A service dog is a working animal which can be trained to help people with visual impairments, hearing impairments, autism, PTSD, diabetes, seizures, allergies and mobility issues. A service dog can be very useful to its owner/guardian, but it’s not always affordable for people to get a dog which has already been trained. A trained service dog can cost you $15,000—$50,000.
As a result, many people opt to go the DIY route; they get a dog which is still a puppy and train it to be a service dog. As long as the dog has the right temperament, it can get service dog training.
How to Choose the Right Dog
When you’re choosing a dog to be your service dog, there are certain characteristics you might want to look for.
Temperament: It’s important for the dog to be calm with you, with other people and with other dogs. If the dog is too aggressive, that’s going to interfere with its service dog duties.
Concentration: The dog should not get easily distracted. A service dog is going to have to perform tasks for you, so it should be able to focus on them. A dog that is spayed/neutered would be best; this will keep it from getting distracted by other dogs.
Age: You can start teaching the dog the basics when it is 8 weeks old and then start with the more specialized tasks once the dog is six months old. Very old dogs may not be able to learn how to be service dogs, especially if they have diabetes or arthritis.
Keep in mind that certain dogs might be better for certain tasks. For example, if your mobility is impaired, then a large dog might be able to help you get around better than a small dog.
How to Train a Service Dog in the Basics
Every dog needs to learn the basics, but this is especially true of service dogs. Eventually, your dog should be able to do all the things listed on the Canine Good Citizen test.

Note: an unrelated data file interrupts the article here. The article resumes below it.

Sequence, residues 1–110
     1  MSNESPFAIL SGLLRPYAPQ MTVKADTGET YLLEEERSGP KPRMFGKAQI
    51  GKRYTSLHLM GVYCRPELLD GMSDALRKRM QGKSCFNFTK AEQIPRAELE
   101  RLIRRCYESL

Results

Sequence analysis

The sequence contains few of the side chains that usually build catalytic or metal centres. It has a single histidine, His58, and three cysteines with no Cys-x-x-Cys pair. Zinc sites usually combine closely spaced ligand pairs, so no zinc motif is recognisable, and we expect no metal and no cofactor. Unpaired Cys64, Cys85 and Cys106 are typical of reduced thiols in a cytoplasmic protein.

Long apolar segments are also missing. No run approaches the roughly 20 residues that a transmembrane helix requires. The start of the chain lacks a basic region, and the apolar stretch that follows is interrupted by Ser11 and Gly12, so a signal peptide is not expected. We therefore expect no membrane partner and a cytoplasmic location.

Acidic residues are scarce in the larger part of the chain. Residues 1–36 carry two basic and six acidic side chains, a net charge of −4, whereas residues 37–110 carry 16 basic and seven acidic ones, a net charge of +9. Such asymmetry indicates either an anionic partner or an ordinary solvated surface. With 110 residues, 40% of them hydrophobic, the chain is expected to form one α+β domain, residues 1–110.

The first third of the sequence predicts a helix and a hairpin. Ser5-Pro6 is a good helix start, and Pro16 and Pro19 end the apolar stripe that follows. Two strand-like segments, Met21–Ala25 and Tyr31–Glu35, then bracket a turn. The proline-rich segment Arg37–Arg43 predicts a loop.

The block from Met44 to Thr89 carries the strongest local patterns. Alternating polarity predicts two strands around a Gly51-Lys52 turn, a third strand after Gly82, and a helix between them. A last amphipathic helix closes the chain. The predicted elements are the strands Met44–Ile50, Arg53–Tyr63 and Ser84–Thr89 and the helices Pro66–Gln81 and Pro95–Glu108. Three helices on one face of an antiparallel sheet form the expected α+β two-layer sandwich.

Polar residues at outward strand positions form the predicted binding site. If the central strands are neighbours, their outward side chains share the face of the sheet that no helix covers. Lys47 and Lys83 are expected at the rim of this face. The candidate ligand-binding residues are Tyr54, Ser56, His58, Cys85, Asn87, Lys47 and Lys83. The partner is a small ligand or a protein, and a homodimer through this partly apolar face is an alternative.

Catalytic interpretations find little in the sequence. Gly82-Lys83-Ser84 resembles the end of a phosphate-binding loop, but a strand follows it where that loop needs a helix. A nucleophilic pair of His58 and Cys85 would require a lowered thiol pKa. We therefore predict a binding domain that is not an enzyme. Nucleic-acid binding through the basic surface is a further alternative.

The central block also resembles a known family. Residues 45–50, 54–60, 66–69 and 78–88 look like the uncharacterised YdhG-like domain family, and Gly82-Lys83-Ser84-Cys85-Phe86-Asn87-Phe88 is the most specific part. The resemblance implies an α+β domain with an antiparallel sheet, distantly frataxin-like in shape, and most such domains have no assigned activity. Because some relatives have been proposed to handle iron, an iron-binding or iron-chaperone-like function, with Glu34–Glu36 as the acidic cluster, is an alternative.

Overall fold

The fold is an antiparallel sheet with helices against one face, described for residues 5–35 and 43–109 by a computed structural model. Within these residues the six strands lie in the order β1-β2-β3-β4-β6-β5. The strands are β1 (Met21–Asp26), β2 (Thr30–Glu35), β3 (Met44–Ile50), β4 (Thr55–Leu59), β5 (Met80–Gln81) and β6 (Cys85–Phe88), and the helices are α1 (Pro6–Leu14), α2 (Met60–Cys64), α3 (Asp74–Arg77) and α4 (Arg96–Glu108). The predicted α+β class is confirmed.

Socializing Your Dog
A service dog needs to be comfortable around people and other dogs. You can start socializing puppies when they are 3 weeks old or older. Introduce the puppy to many people so that it gets used to being around them. At the same time, it should also be taught to be alone so that it doesn’t suffer from separation anxiety.
Potty Training Your Dog
It’s important to train your dog to “go” in an approved spot which is, ideally, outside the house. You can use dog crates, puppy pads and paper training to help train the dog. Taking the dog for frequent walks outside and praising it when it goes outside can also help in potty-training your dog.
Leash Training Your Dog
Your puppy will need to get used to being on a leash. Don’t be surprised if it resists doing this at first. The idea is to get the puppy used to the leash slowly. Try putting just the collar around its neck first. Then you can try putting on the leash and walking it indoors. Finally, you can start taking the puppy outdoors. If it gets distracted and starts pulling on the leash, don’t yank it. Just stand very still until the puppy stops pulling.
Giving Your Dog Specialized Training
After training service dogs in the basics, you’ll need to give them specialized training in the type of services you’d like them to provide. You can train your dog by using treats or giving it praise. You can also use a clicker; this involves clicking when the dog performs the action you want it to and following this up with a treat. Eventually, the dog will start responding to the clicker itself as a form of positive reinforcement.